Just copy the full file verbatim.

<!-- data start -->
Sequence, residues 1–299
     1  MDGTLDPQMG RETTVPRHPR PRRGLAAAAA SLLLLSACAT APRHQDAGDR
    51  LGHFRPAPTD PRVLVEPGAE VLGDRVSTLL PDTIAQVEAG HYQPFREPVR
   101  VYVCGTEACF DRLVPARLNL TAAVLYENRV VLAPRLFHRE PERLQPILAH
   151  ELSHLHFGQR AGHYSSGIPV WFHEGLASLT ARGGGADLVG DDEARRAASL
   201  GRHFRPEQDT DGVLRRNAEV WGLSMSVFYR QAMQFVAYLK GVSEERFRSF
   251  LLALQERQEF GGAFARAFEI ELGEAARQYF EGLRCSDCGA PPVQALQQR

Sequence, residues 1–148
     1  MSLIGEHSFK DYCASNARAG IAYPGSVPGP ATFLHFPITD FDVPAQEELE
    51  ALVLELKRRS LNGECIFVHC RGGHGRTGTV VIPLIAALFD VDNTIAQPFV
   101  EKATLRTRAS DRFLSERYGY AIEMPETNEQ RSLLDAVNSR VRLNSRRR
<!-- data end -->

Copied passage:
Sequence, residues 1–299
     1  MDGTLDPQMG RETTVPRHPR PRRGLAAAAA SLLLLSACAT APRHQDAGDR
    51  LGHFRPAPTD PRVLVEPGAE VLGDRVSTLL PDTIAQVEAG HYQPFREPVR
   101  VYVCGTEACF DRLVPARLNL TAAVLYENRV VLAPRLFHRE PERLQPILAH
   151  ELSHLHFGQR AGHYSSGIPV WFHEGLASLT ARGGGADLVG DDEARRAASL
   201  GRHFRPEQDT DGVLRRNAEV WGLSMSVFYR QAMQFVAYLK GVSEERFRSF
   251  LLALQERQEF GGAFARAFEI ELGEAARQYF EGLRCSDCGA PPVQALQQR

Sequence, residues 1–148
     1  MSLIGEHSFK DYCASNARAG IAYPGSVPGP ATFLHFPITD FDVPAQEELE
    51  ALVLELKRRS LNGECIFVHC RGGHGRTGTV VIPLIAALFD VDNTIAQPFV
   101  EKATLRTRAS DRFLSERYGY AIEMPETNEQ RSLLDAVNSR VRLNSRRR